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An average star hockey player's career will last about 15 years, so I think if you want to use the term "generational" earnestly there can only be one per generation. It's too early to say with them. They're not outscoring the rest of the league anywhere close to how past generational players were, but no one has for a while. So if we wait until near the end of their careers and notice no one has outpaced the league like Lemieux did, we can say it's a generation of parity and give it to the best player of the past 15 - 20. For now, I don't want to. I think up until this point we have Howe, Orr, Gretzky, and Hasek as generational and that's it.

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11-10-2010, 06:12 PM
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Originally Posted by SidGenoMario View Post
To me, limiting a generational talent to the big 4 is foolish since that means the generation before Howe didn't have anyone, and generations in the future will likely not see someone that dominant. In the history of hockey there will likely be 4 "true" generational talents, and that seems like a very useless definition to keep using with it's limited use.
A generation doesn't have to have a generational talent by default. Sometimes a generation is much more loosely defined than that and is instead defined by a group of players or whatever.

And I think given that Howe came in during the late 40's, a lot of people write off the pre-WW2 times as not being part of the modern era in the same way people often don't include pre-merger players in the list of NFL greats. Maybe Shore was a generational talent but it's hard to compare a defenseman based on historical records where there wasn't as much information available and tapes are much harder to come by, and it would be even harder to evaluate back when we didn't have a forward pass and there was no offsides rule.

And in the end "generational talent" is a term that is very loosely defined and might mean something different to everyone. A lot of the popularity of it's use on HF comes from the HF prospect rankings which seems to indicate that it's someone on the level of Orr/Howe/Gretzky/Lemieux.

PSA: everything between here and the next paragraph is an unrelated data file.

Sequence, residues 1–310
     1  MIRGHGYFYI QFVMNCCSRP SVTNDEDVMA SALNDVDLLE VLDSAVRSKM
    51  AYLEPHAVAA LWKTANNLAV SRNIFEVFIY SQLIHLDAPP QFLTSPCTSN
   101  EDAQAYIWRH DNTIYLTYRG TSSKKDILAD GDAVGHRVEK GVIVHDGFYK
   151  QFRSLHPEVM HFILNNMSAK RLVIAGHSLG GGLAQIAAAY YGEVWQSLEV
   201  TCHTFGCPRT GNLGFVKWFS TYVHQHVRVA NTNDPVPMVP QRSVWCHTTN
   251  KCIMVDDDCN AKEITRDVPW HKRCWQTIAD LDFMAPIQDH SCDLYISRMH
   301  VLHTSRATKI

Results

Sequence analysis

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11-10-2010, 06:21 PM
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Quote:
Originally Posted by Big Phil View Post
To me there are generational talents, and the cream of the crop of the generational talents. Obviously the 2nd group includes Gretzky, Lemieux, Orr and Howe. But what about the years that don't include those players? Shouldn't there still be "generational" talents in the 2000s? Or 1960s? In other words, if you are the best player in the game for a number of years, you are a generational talent. It is hard in any generation to be the best in the NHL.

So this is how I look at it, and the cream of the crop are bolded:

Morenz
Shore
Richard
Howe
Hull
Orr
Lafleur
Gretzky
Lemieux
Jagr
(a break where the likes of Thornton, Iginla, Forsberg were the best, none are generational though)
Crosby/Ovechkin

I'll take Crosby personally, but Ovy has been right there the whole time with him. Can't blame Beliveau for not making this list. It isn't his fault Howe played at the same time. Hull takes over in the 1960s after Howe "slowed" down to his standards. Also Esposito played parallel with Orr. What can you do?
This is very close to how I see the list of the players who were, at some point, regarded as the best active player. But why cannot Beliveau be included as well as Howe since Lemieux can be included as well as Gretzky and Crosby can be included as well as Ovechkin? If the list were regarded as a succession of best active players, it ought to include Beliveau between Richard and Hull. I've followed the NHL closely since 1953 (more closely earlier on than lately), and I can tell you that that this order of progression--Morenz to Shore to Richard to Beliveau to Hull--is the way most fans around at the time saw it. If you'd asked fans in, say, 1956 through the early 1960s who was now the best player in the NHL, they would have been most likely to say Beliveau, even though Howe was still going fairly strong and even though they might still regard Howe's overall career as greater.


Last edited by Peter9: 11-10-2010 at 06:37 PM.
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11-10-2010, 07:42 PM
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Absolutely. These two are consistently at the top of the league in scoring, year after year.

Crosby

05-06: 81 GP, 39 G, 63 A, 102 P (Sixth overall in scoring)
06-07: 79 GP, 36 G, 84 A, 120 P (First overall in scoring)
07-08: 53 GP, 24 G, 48 A, 72 P (Second overall in PPG)
08-09: 77 GP, 33 G, 70 A, 103 P (Third overall in scoring)
09-10: 81 GP, 51 G, 58 A, 109 P (Second overall in scoring)

Ovechkin

05-06: 81 GP, 52 G, 54 A, 106 P (Third overall in scoring)
06-07: 82 GP, 46 G, 46 A, 92 P (Thirteenth overall in scoring)
07-08: 82 GP, 65 G, 47 A, 112 P (First overall in scoring)
08-09: 79 GP, 56 G, 54 A, 110 P (Second overall in scoring)
09-10: 72 GP, 50 G, 59 A, 109 P (Second overall in scoring)